Isabelle McCalla, Caitlin Kinnunen and The Cast of The Prom perform on stage during the 2019 Tony Awards at Radio City Music Hall on June 9, 2019 in New York City.
Theo Wargo | Getty Images
A little over a year ago, Caitlin Kinnunen sat shoulder to shoulder with the biggest Broadway names at Radio City Music Hall, listening to her read as a Tony nominee for Best Actress in a Musical.
This spring, Kinnunen was unemployed as an actor after the COVID-19 pandemic forced professional theaters to close. The 29-year-old eventually packed up her New York apartment and drove across the country to return to her parents’ home in Washington.
Now she faces a new threat: she will lose her health insurance.
Kinnunen and many professional stage actors earn their coverage by working a certain number of weeks each year. But with Broadway and almost all theaters across the country going dark until at least May 30th, it has become impossible to find work that will enable them to qualify. As a result, thousands anticipate loss of health insurance. Kinnunen has the added difficulty of living with type 1 diabetes.
“How will I live? How will I afford to live? Should I just find a career that will provide me with health care so I can continue the life I have built so far?” Kinnunen said in an interview with CNBC.
Kinnnunen said she can stay on her union-sponsored insurance until April. From then on, she will be fired as there are currently no contracts to be signed.
According to its Actors’ Equity union, its members accumulated around 265,000 working weeks for 2019 at the end of October last year. This year, the number of work weeks has dropped 65 percent to around 92,000 – a number that almost all includes three months of normal work before shutdown.
The lack of work weeks is pushing between 200 and 300 union members off their health insurance every month, Actors’ Equity told CNBC.
“If all contracts are gone because no one can actually go into the physical rooms, no one can accumulate work weeks,” said Kate Shindle, president of Actors’ Equity, which represents both professional artists and stage managers. “So we have a lot of people who are very afraid of what will happen to their health care.”
The shutdown has drained the coffers of the Equity-League Health Fund, which is an independent entity managed separately from the union. 88 percent of the health fund is financed by employers such as producers and theater owners. The remainder consists of investment income and premiums paid by the participants.
A man wearing a surgical mask walks through Manhattan’s Broadway Theater district after Broadway shows announced that they would cancel performances due to the coronavirus outbreak in New York on March 12, 2020.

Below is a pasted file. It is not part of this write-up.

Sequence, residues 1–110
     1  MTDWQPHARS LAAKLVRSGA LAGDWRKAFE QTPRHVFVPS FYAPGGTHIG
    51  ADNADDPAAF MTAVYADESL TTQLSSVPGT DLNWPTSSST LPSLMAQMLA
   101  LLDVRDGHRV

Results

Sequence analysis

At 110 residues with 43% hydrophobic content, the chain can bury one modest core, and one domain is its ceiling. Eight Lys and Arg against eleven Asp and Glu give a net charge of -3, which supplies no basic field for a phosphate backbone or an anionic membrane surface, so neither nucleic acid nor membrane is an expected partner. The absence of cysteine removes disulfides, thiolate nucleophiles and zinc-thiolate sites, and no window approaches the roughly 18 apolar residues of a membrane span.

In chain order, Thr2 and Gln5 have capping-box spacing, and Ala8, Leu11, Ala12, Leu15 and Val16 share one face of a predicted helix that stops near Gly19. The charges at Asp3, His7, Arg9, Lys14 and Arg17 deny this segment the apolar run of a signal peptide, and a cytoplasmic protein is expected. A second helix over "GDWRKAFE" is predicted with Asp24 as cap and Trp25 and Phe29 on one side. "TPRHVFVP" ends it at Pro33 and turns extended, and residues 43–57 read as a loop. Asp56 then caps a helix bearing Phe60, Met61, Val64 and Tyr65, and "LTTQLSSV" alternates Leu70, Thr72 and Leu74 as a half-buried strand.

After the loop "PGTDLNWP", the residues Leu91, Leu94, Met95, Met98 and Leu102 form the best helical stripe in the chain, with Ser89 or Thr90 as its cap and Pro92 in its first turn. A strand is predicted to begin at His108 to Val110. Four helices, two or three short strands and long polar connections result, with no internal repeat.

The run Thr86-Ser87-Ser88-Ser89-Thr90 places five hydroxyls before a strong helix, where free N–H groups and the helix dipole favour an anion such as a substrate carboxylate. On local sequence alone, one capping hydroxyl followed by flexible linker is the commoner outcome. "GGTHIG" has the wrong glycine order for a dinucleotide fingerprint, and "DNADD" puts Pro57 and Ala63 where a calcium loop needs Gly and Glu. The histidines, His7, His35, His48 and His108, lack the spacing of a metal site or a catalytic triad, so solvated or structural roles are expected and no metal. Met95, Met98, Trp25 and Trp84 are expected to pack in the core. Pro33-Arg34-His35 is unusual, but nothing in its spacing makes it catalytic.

Andrew Kelly | Reuters
However, employer contributions largely dried up when the theaters closed. The Health Fund expects its reserves to drop from $ 120 million pre-COVID to $ 30 million by the middle of next year if most of the theaters are not reopened.
In order to avoid a complete depletion of the reserves, the health insurance must changed The threshold for members who should receive insurance coverage from January 1st. Instead of working 11 weeks for six months of coverage, members now have to work 12 weeks for a lower level of coverage and 16 weeks or more for the same coverage as before, with higher deductibles, copays and maximum expenses.
It was a move that the union itself criticized publicly.
“We all understand that there is no way out of the devastating loss of months of employer contributions across the country and no alternative but to make adjustments to the plan,” Shindle said in one Explanation when the changes were announced on October 1st. “But I believe the fund had both the commitment and the financial resources to take the time to make better decisions.”
Those who have already lost coverage do multiple backups. Many are now qualifying for Medicaid because their income has come down low enough. Others choose to pay for it COBRAThis allows them to stay on the same plan but, in many cases, pay between $ 1,000 and $ 3,000 out of pocket each month.
Some are switching to market plans through the Affordable Care Act. On Tuesday, the Supreme Court heard arguments in support of a case attempting to overthrow Obamacare. However, some of the court’s conservative judges did not appear ready to crush the legislation.
Kinnunen plans to switch to a marketplace plan if that is still possible by April. To do without health insurance, said Kinnunen, would be far too expensive.
The cost of an out-of-pocket diabetic – insulin, glucometer test strips, a portable device to monitor their glucose levels, and other supplies – runs to over thousands of dollars a month, she said.
“If I didn’t have insurance, my health care costs would be insurmountable,” said Kinnunen. “It’s not just, oh, I spend this money on things that make my life easier. No, I spend this money on things that really keep me alive.”
Another option is currently on the table in Washington. Several US Senators voted in September Workers’ Health Protection ActThis would allow workers unemployed or on leave due to the pandemic to gain access to subsidized COBRA coverage to keep their health insurance up.
Actors’ Equity supported this invoice. But it’s currently in limbo amid the COVID relief talks that have stalled in connection with the elections.
Despite being a Tony nominated actress, Kinnunen said uncertainty about the health care system caused her to leave the industry altogether. She is taking an online course at New York University to broaden her perspective.
But like so many in the industry, Kinnunen sees theater as a calling.
“We do it because we have a passion for it and it is important to us,” she said. “So to ask, just do something else? It’s not that easy. It hurts.”